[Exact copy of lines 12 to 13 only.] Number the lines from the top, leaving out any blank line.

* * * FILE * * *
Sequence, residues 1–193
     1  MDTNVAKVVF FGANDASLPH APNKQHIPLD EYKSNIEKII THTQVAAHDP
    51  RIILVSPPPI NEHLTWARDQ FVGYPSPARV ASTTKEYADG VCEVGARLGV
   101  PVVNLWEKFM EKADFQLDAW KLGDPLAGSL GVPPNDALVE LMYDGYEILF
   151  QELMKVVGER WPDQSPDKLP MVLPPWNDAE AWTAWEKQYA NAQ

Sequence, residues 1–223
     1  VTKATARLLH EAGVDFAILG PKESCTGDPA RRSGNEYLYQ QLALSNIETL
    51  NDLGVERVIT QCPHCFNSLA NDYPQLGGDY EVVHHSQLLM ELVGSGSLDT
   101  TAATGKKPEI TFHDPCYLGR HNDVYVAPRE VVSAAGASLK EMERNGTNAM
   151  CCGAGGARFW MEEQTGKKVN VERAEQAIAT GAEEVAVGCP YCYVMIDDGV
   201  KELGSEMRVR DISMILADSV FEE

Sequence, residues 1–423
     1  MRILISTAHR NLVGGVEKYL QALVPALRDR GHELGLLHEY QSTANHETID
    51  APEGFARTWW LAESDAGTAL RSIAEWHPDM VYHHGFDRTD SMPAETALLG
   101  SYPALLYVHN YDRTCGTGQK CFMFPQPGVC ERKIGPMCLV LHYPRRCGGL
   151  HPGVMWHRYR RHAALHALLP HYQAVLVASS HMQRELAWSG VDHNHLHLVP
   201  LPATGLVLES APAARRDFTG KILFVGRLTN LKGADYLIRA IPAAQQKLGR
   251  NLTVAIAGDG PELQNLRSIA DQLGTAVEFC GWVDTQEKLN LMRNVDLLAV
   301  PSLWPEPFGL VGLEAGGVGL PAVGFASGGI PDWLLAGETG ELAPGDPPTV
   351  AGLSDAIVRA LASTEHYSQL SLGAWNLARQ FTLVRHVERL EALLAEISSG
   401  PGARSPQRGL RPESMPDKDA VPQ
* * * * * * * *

Sequence, residues 1–423
     1  MRILISTAHR NLVGGVEKYL QALVPALRDR GHELGLLHEY QSTANHETID